Figure 4. The evolution of the hyperbolic Secant pulse. Parameters are the same as Figure 3. (a) The initial pulse; (b)-(d) The results of [19], the fields in common fibers; and (e)-(f) The results of (3), the fields in PCFs.

$A\left(0,T\right)=\text{sech}\left(\frac{T}{{T}_{0}}\right)\mathrm{exp}\left(-\frac{iC{T}^{2}}{2{T}_{0}}\right)$.

By a transmission, this pulse is broadened due to the second-order dispersion according to the Formula (3). The fluctuations are more evident than those in Figure 3, and even the pulse splittings occur. The simulations based on our theory exhibit more severe pulse expandings and splittings (e)-(g) than those in [19] [21]. This is consistent with the experiment result that in PCFs [2], and we have observed strong super-continuum spectrum which is not induced in the common fibers.

The same results are obtained from Figure 5 for the super-Gauss pulse. $A\left(0,T\right)=\mathrm{exp}\left[-\frac{1+iC}{2}{\left(\frac{T}{T}\right)}^{2m}\right]$. There are fluctuations in the pulse edges and the pulses will split with increase of the distance [19] [22]. These phenomena are more evident than those occurred in a Gauss-pulse.

4. Expanding Results by the Darboux State Description

4.1. The Compression of Pulse

We can get a very interesting result that from (3). The Harmonitor is reproduced at some situations and at some frequency components. Actually, it is very difficult to observe this state (reproduced pulse) for the pulse expands very fast. This can be realized by limiting the second-order dispersion (regarded as 0), while the third-order dispersion is taken into account. Then the symmetry is broken. We simulate this case in Figure 6. In the figure, the forward of “C” pulse is compressed and the backward keep unchanged.

Figure 5. The evolution of super-Gauss pulse. (a) and (b) The initial pulses; (c)-(h) The results of [19] [22], the fields in common fibers; and (i)-(n) The results of (3), the fields in PCFs. Parameters are the same as Figure 3.

4.2. The Dispersion Coefficient $\beta (\; \omega \; )$

In Figure 7, we plot the entire dispersion coefficient. It complete differs from the Fourier serious results [19]. At the different places, it has different values, and the discrepancies are apparent. These exhibit another property of PCFs [4].

Figure 6. The pulse compression by the *β*_{3}. “O”, “C” and “E” refer to the origin pulse, the compressed pulse, and the expanded pulse respectively.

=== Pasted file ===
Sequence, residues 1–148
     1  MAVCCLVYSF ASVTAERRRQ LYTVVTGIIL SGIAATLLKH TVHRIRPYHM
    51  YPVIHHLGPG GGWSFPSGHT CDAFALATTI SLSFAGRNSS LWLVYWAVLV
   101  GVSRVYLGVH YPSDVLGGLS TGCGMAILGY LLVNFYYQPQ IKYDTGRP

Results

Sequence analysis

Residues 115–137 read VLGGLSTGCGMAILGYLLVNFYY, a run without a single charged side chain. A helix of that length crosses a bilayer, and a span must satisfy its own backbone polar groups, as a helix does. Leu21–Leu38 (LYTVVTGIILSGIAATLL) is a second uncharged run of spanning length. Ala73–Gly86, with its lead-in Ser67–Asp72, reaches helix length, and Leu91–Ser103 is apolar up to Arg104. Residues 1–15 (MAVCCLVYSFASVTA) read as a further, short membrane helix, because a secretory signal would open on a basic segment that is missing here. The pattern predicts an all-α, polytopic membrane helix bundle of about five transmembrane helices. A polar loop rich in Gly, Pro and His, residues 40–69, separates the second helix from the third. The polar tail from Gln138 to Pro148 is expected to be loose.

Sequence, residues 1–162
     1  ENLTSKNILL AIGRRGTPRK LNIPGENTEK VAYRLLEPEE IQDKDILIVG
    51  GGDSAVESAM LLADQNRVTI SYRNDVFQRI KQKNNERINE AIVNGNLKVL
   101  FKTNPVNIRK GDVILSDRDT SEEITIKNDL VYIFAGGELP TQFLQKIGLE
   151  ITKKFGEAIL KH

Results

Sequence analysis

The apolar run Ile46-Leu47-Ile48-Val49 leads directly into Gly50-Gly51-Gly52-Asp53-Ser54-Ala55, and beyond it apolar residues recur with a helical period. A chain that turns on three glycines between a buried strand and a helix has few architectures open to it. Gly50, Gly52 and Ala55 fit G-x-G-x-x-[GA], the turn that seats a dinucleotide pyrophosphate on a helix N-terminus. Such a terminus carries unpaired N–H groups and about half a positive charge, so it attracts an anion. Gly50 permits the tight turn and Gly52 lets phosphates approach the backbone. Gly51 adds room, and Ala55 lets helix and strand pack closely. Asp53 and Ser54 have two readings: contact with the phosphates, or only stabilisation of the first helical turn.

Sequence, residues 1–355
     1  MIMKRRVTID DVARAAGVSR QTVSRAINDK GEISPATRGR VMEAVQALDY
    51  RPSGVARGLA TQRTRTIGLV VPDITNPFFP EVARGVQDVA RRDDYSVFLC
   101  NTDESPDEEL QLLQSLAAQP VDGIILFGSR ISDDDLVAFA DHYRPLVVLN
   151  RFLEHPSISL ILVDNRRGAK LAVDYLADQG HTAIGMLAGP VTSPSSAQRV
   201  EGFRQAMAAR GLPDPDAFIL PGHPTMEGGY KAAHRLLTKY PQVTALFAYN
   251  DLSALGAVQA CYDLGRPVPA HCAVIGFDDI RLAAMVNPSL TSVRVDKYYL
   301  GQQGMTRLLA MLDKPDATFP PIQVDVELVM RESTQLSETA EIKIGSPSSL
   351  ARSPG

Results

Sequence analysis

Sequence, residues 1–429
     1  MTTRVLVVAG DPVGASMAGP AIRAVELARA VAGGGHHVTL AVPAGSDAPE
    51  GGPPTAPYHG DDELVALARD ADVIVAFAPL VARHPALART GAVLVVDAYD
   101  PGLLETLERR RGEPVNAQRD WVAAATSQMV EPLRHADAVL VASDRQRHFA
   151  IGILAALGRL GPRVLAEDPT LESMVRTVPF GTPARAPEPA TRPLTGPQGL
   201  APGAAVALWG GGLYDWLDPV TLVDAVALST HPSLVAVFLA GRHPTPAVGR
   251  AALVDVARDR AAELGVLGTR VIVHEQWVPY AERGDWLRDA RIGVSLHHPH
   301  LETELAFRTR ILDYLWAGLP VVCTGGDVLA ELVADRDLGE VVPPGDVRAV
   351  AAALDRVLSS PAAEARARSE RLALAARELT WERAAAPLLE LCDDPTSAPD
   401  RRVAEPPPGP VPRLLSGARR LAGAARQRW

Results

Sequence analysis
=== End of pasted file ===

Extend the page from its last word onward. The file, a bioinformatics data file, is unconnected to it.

Figure 7. The dispersion curve (a) and (b) at *z* = 0.2*L _{D}*; and (c) and (d) at

4.3. The Impacts of Birefringence and Confinement Loss in PCF Structure

If there are asymmetric and twist in the PCFs, these will result in the birefringence. The frequency component is much and will lead to more kinds of split and more induced waves [24] [25] [26].

The impact of confinement loss can be discussed by:

$\frac{{\partial}^{2}A}{\partial {z}^{2}}+2i\beta \frac{\partial A}{\partial z}={\left(\frac{{\alpha}_{cl}}{{\beta}_{0}}\right)}^{2}A-2\beta {\alpha}_{cl}/{\beta}_{0}A$ (10)

The first item of right side brings a gain or a loss on the field. The second item results in a phase shift along the transmission. The confinement loss value (<10^{−7} dB/km compared the fiber loss 10^{−3} dB/km) is very small, so both the impacts on amplitude and phase are enough small to be ignored.

5. Conclusions

By resolving the transmission equation of field in PCFs, the dispersion effect is re-discussed. Although the second order differential to the transmission distance (
${\partial}^{2}A/\partial {z}^{2}$ ) is taken into account, the first-order (*β*_{1}) and second-order dispersion (*β*_{2}) effects have the same influences as those of the nonlinear Schordinger equation, which cause the envelope of pulse move and pulse broadened, respectively. Additionally, the second-order dispersion also brings the fluctuations in the pulse edges, and with the increase of distance, even results in the pulse splittings.

But by our calculation, the third-order dispersion (*β*_{3}) will also induce pulse compression while the second-order dispersion is assumed as zero. The dispersion coefficient
$\beta \left(\omega \right)$ alters with the distance.

Conflicts of Interest

The authors declare no conflict of interests.